You could say “Bridge!” Turn to 114
Or: “Hold!” Turn to 128
How about “Supplies!” ? Turn to 47


72


You are unable to muster any more means to get past her, and give in to her motioning. You go back through the door to the lounge car. As you walk down the aisle, and after several steps look back over your shoulder. She is still watching, arms folded.
You give up and decide to search the rear of the train instead.

Turn to 197


73


“Where is my daughter?” Lord Gablentite shouts into the Crate. He receives some answer you do not hear, and his head snaps towards you in shock. He scrambles across the ground and snatches the suitcase that you brought in with you.
He flips the catches and flings the lip up. Inside it is full of red jelly. “Pomplompotom!” he says in horror.
The jelly squelches weakly, and Lord Gablentite cries out in joy. The suitcase is rushed off, and you are left standing bewildered in the vacant hall. Not knowing what to make of it all, you return to your room in the palace and get some rest.

Turn to 268


74


You run down the corridor to the left, soon coming to the end where it widens. The bridge is through the double doors at the end of the corridor, while to the side is another narrow door.

If you want to enter the bridge again, turn to 54
If you want to enter the side door, turn to 97


75


You manage to defeat the law-scorning soldier, and he slumps to the deck to no more trouble the galaxy with his existence. You pause to rest, congratulating yourself on your victory.
Quickly, you search the ship, but apart from sundry equipment, don’t find anything useful. There are weapons, but they are sealed behind a security grating. Seeing their equipment, which includes uniforms, a crafty plan hatches itself in your mind…

If you want to dress up as the fallen Space Pirate and take his place, thereby accompanying the Golden Crate to wherever it ends up next, turn to 113
If you think this is too risky and want to go back to the Golden Stream, turn to 148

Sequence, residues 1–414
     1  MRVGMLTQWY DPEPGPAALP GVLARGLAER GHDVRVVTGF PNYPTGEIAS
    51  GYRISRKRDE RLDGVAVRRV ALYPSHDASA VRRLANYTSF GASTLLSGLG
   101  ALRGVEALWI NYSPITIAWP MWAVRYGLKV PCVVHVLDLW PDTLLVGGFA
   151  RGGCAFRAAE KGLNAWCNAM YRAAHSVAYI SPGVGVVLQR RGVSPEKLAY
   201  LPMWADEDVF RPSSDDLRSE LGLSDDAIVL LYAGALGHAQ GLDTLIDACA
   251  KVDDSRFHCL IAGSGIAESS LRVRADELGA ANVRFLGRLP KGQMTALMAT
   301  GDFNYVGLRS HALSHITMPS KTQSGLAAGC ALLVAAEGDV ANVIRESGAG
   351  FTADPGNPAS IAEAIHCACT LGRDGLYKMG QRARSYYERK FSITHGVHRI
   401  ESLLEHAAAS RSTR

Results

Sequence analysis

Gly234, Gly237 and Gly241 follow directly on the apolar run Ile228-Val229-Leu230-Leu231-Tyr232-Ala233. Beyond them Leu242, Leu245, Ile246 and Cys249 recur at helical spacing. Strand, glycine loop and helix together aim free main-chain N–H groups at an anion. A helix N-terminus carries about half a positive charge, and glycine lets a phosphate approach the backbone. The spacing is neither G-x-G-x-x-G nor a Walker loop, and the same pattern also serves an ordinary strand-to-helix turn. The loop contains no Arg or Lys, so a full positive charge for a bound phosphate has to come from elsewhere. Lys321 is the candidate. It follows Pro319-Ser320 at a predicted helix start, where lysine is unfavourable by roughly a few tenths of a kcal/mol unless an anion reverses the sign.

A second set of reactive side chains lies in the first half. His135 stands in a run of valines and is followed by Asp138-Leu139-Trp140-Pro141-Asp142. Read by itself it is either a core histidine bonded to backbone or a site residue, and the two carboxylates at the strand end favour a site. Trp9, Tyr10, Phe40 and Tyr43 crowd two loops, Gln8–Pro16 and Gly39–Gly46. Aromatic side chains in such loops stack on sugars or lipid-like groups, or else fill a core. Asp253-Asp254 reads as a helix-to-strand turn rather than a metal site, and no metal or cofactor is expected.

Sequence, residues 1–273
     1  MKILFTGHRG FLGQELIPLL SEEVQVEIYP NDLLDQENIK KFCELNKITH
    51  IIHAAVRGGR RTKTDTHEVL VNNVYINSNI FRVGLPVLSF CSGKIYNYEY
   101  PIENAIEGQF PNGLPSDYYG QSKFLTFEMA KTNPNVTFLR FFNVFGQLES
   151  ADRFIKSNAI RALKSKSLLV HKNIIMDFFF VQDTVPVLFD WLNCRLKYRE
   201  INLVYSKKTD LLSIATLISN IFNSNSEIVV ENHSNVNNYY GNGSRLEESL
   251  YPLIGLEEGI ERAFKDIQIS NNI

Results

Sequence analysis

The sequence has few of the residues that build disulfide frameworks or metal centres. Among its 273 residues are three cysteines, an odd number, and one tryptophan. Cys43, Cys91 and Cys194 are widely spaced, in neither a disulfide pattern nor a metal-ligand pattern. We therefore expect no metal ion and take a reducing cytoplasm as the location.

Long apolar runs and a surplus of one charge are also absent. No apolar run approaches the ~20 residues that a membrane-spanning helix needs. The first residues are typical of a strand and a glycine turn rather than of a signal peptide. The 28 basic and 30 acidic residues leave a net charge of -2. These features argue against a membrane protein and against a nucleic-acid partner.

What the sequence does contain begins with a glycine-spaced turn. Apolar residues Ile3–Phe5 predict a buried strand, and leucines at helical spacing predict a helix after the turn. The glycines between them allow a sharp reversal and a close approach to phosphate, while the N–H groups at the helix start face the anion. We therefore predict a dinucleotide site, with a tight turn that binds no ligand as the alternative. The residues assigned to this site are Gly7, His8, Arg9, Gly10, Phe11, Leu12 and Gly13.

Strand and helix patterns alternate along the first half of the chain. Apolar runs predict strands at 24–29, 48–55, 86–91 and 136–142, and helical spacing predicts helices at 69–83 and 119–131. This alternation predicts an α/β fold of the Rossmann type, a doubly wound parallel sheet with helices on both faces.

76


The ape pounds its own chest in a display designed to intimidate before it pounds you into the ground, a functional process designed to make your flesh tender for consumption.
With the smug superiority of an advanced species, you draw your blaster. Even though you know nothing about how blasters work, you still wallow delightedly in the superiority of your species over that of the ape, disregarding the fact that the ape is equally capable of pulling a trigger.
Had you paused to consider that sobering fact, you would have to ask yourself by what right do you claim superiority over a creature such as this ape? Although humanity has achieved many great things, what have you as an individual achieved? Perhaps you would reference your past exploits, and while these do say something, they are unrelated to the personal superiority you feel as a result of the technological superiority you posses in the form of the blaster. After all, if you and the ape were placed, naked and unequipped in a primitive environment, what technological superiority could you then establish over the highly survivable ape? A spiked club perhaps? While this is certainly superior to what the ape can produce, it also places you on the same level as a cave man.
But as you blast the ape away, you think nothing of your status as a fortuitously equipped cave man, instead feeling good about yourself because of the achievements of others who happen to share your species.
With a screech of pain, the ape collapses, half vaporised and entirely dead. You slide the blaster back into its holster. Having claimed the clearing and resident tree as your own, you pause to relax, the smell of burning flesh not bothering you too much, desensitised as you are by the past hours of olfactory assault.
You look up into the shadowed branches in case more apes are lurking there. There are none, but you do spy the ape’s nest in a cradle between two large boughs. Curious, you climb up the tree and clamber into the leafy nest.
It is comfortable, but smells like an unwashed ape. You find in a hollow a number of golden skinned fruits wrapped carefully in large broad leaves. They smell good, so you bite into one. The sweet fragrant flesh is delicious! You eat all of the fruits, feeling fantastic (restore any lost STAMINA). Having raided the entirety of the ape’s worldly possessions, you climb back down the tree to rest.
As you are nestled comfortably between two large roots, contemplating having a snooze, you hear a whine overhead. Looking up, you see a dark shape cross over the batch of blue sky, leaving a vapour trail behind it. A ship!